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Sink or Swim? Here's a big reason why you're not likely to find a shark in your local lake

Want to avoid this bad boy? Chose your bodies of water very carefully.

Want to avoid this bad boy? Chose your bodies of water very carefully.

Scott Sutherland
Meteorologist/Science Writer

Wednesday, January 21, 2015, 9:28 AM - If tuning in to watch Shark Week, or sitting down for a viewing of the movie Jaws has you crossing swimming off your 'to-do' list, here's some news that may have you heading back to the beach sooner than you thought - as long as that beach borders a body of fresh water, rather than salt water. Why? According to a new study, fresh water causes sharks to sink.

Over the course of evolution, in order to help with their mobility, species that live under water developed specific ways of staying buoyant. This make it easier for them to get around in bodies of water because they only have to work on moving forward and changing direction, and very little work has to be put into keeping themselves from sinking to the bottom.

In most bony fish (the most abundant type of fish in the world's oceans, lakes and rivers), this involves a specialized, gas-filled organ in their body called (amongst other things) the swim bladder. Sharks and other cartilaginous fish (also called elasmobranchs), though, don't have a swim bladder. Instead, they rely on the fact that their liver - which can represent up to a quarter of their body mass - is packed with fat cells that make it especially buoyant.

All aquatic creatures are more buoyant in salt water than in fresh water, simply because salt water is denser than fresh water. However, for sharks, this difference would require a fairly extreme bulk-up routine for them to make that transition between swimming in the oceans and swimming in a fresh water lake or river.

RELATED: Nightmare-worthy prehistoric shark wrenched from deep waters

According to a recent study by American and Australian scientists, which used a sophisticated hydromechanical model to simulate a shark swimming through water, in order for a shark to remain buoyant in fresh water, its fatty liver would have to be around 8 times larger than it already is.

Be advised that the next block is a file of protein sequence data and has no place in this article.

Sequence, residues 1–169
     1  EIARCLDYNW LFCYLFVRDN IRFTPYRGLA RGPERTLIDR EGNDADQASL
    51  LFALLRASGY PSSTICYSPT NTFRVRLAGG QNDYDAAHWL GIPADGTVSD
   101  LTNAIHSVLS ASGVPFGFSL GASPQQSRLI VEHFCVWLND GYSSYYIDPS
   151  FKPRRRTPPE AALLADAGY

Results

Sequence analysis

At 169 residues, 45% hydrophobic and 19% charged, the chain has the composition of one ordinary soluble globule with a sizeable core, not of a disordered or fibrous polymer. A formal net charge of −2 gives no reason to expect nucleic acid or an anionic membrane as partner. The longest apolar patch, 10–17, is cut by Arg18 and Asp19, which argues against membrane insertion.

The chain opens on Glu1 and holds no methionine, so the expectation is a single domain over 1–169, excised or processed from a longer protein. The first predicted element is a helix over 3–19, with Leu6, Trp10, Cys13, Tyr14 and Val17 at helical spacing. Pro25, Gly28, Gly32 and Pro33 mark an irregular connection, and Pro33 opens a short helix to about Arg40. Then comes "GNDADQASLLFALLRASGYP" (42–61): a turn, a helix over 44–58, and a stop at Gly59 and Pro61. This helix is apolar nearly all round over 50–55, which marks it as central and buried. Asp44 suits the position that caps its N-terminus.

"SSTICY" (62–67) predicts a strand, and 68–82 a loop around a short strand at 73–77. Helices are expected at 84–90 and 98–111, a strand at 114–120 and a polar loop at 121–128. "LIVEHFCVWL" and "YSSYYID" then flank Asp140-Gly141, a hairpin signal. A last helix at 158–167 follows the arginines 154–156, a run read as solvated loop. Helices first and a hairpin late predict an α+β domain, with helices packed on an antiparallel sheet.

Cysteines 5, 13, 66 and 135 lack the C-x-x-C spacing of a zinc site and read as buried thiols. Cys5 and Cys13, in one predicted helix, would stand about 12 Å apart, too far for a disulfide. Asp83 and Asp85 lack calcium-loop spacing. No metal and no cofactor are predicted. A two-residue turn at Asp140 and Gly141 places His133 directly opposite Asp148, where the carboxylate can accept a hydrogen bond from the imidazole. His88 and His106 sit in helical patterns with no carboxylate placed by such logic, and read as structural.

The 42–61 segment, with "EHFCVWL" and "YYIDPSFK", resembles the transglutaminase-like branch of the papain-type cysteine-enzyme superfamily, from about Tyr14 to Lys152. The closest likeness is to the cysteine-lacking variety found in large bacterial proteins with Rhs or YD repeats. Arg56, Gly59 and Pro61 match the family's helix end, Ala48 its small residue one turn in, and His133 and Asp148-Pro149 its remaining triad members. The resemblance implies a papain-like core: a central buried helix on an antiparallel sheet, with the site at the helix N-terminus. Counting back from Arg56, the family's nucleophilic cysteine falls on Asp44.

For reference, the liver of a fully-grown, 1-ton Great White Shark can tip the scales at up to 250 kilograms - over 3.5x the mass of the average male human! For this brute to remain buoyant in fresh water, by the researchers' model, the shark's liver would weigh in at around 2 tons - twice the mass of the shark itself!

Largetooth sawfish, c/o Wikipedia

Anything less and the animal simply wouldn't have enough buoyancy to maintain its mobility, and it would sink to the bottom of whatever lake or river it (unfortunately) wandered into.

One important thing to point out is that there are freshwater species of sharks, but a study of two such species - Carcharhinus leucas (or bull shark) and Pristis pristis (the largetooth sawfish) - only supported the researchers' findings. Despite the low density of their livers (revealing the organ's high fat-content), these sharks showed a very high negative buoyancy (the tendency to sink), and according to the study, the highest negative buoyancy of any sharks or other elasmobranchs studied so far.

The results of this study may shed light on why sharks and other similar species are far more likely to be found in the oceans than in bodies of fresh water.

RELATED VIDEO: Don't get too comfortable, though. Here's the story of a boy's encounter with a bull shark in Louisiana's brackish estuary, Lake Pontchartrain.

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